When the Devy Breaks travels the college football landscape, keeping you up-to-date on last week’s results, previewing the big upcoming tilts, and providing updated devy rankings.
Last Saturday night, Ohio State overcame a 13-point deficit with eight minutes left to stun Penn State 27-26, in what ended up being the game of the weekend. Questionable play-calling by the Nittany Lions aside, the Buckeyes’ road win in a tough environment proved why they belong in the national championship discussion. Led by quarterback Will Grier, West Virginia secured a statement win against Texas Tech, Clemson held off Syracuse after freshman QB Trevor Lawrence was knocked out of the game, and Norte Dame squashed Stanford, paving the way for a potential playoff run for the Irish.
Kentucky’s 5-0 start is worth mentioning as the Wildcats handled South Carolina, 24-10. LSU stomped Ole Miss, 45-16, Washington cruised by BYU, 45-16, and Oregon beat an upstart California squad on the road in a bounce-back spot, 42-24.
This weekend provides us with the annual Red River Showdown between Oklahoma and Texas, a game with legitimate national implications. LSU goes to the Swamp to face the 4-1 Florida Gators. And Florida State travels to Miami (FL) for a game with slightly diminished appeal but a ton of interstate pride on the line.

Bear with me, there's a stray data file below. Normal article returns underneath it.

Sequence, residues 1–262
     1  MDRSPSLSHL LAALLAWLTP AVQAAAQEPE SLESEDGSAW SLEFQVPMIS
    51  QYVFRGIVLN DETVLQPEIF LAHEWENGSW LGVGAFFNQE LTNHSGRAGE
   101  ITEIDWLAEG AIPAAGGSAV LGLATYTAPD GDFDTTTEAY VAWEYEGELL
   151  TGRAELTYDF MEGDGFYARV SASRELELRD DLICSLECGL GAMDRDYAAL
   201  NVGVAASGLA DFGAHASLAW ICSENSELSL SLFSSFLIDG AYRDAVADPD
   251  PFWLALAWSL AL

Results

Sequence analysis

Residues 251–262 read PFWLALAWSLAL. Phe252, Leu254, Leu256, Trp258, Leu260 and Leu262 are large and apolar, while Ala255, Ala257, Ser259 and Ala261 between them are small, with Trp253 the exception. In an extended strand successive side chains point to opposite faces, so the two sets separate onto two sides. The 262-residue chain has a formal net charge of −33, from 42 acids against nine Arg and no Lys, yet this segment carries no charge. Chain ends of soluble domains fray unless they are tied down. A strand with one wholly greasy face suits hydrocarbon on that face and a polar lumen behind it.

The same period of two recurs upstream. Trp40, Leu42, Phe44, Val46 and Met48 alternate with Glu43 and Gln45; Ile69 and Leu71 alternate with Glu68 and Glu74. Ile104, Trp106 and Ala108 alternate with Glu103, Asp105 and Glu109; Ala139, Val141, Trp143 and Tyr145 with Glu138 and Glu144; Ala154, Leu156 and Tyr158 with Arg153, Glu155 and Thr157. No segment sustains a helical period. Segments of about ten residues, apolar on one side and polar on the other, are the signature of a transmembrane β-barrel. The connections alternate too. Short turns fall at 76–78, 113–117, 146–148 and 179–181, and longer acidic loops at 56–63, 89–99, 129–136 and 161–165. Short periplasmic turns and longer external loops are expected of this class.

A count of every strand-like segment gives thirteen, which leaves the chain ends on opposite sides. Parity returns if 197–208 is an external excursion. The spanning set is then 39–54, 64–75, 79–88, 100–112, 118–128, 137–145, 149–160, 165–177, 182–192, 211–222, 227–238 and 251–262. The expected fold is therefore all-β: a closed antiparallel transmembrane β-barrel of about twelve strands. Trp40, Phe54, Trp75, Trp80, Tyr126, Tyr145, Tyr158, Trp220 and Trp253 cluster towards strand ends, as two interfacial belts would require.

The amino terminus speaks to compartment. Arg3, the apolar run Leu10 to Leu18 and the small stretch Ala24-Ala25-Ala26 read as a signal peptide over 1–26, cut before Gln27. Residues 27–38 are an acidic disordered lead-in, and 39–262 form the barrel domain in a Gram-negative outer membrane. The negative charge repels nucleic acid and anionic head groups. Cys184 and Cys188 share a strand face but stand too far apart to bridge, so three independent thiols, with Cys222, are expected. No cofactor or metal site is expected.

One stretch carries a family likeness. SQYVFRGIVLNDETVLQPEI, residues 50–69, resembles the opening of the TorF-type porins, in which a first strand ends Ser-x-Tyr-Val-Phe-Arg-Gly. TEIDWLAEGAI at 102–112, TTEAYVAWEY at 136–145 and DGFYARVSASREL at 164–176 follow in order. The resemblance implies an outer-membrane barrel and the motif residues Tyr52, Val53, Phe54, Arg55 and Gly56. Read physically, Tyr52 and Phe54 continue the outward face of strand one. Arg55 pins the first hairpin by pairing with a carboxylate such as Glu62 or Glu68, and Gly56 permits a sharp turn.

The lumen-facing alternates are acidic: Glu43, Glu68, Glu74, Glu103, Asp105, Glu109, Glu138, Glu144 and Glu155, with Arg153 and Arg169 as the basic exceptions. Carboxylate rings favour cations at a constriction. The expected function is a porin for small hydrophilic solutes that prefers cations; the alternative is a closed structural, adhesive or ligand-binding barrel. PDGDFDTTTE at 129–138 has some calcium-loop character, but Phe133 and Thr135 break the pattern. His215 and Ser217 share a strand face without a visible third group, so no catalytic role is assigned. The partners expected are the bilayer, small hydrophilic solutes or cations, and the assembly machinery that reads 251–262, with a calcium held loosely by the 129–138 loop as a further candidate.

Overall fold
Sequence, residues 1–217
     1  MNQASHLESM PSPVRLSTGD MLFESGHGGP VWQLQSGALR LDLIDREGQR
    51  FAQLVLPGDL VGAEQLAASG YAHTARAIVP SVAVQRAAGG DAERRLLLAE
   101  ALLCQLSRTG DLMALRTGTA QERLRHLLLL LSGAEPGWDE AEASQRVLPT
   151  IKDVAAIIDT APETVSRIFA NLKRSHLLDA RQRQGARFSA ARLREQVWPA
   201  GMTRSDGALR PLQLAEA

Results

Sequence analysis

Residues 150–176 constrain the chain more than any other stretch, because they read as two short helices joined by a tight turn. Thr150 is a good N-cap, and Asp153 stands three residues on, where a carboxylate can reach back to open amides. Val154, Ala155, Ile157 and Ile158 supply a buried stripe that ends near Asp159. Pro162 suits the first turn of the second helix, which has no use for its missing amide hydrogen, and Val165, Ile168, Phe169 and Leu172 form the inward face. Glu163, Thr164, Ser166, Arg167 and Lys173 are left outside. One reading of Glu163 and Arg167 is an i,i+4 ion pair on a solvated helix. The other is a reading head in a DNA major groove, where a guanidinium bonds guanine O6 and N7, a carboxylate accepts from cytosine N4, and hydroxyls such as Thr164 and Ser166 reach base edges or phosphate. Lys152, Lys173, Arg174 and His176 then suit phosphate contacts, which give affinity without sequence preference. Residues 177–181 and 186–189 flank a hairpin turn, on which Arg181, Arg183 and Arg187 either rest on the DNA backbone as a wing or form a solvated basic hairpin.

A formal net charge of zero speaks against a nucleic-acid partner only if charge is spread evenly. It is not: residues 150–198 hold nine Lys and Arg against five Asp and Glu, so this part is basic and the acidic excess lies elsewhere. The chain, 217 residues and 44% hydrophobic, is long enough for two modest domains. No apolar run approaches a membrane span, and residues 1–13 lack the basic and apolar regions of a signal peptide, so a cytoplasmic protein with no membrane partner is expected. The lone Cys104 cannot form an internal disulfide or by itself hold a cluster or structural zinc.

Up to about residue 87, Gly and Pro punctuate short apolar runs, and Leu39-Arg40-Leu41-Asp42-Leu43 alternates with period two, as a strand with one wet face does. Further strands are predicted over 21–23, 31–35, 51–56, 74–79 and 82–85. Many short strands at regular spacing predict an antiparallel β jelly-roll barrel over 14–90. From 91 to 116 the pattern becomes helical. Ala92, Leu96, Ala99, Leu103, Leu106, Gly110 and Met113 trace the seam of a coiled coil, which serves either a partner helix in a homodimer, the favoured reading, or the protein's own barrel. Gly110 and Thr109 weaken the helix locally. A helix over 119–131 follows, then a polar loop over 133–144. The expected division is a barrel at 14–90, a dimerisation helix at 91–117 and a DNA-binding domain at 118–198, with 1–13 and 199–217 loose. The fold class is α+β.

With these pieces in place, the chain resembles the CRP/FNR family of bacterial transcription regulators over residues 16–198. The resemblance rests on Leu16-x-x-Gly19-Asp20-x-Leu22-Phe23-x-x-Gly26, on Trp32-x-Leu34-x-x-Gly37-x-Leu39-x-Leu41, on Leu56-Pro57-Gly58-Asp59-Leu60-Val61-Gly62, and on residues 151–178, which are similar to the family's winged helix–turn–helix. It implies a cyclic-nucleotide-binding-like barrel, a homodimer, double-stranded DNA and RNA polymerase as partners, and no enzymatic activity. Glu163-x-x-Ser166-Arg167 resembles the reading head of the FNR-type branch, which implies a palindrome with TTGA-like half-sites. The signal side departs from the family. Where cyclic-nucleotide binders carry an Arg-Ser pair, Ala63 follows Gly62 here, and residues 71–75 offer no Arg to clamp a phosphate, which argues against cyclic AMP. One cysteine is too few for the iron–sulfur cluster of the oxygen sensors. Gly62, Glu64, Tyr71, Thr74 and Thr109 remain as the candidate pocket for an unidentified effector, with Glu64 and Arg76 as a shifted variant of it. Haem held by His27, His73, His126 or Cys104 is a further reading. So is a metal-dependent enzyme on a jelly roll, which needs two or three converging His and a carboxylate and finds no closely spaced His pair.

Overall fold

In July I profiled Arizona State RB Eno Benjamin and so far he’s lived up to the billing. Last week against Oregon State, Benjamin became the 28th player since 2000 to rush for at least 310 yards and three touchdowns in a single game and tied the record for most missed tackles forced in a game (20) according to Pro Football Focus. Through five games, he’s accounted for 73 percent of the Sun Devils’ non-QB rushing production and is drawing lofty comparisons from head coach Herm Edwards.
“He reminds me a little bit of Curtis Martin,” who played for Edwards when he coached the New York Jets. “About the same stature, doesn’t look like he can break tackles, but he does and he can run inside for the tough yards.”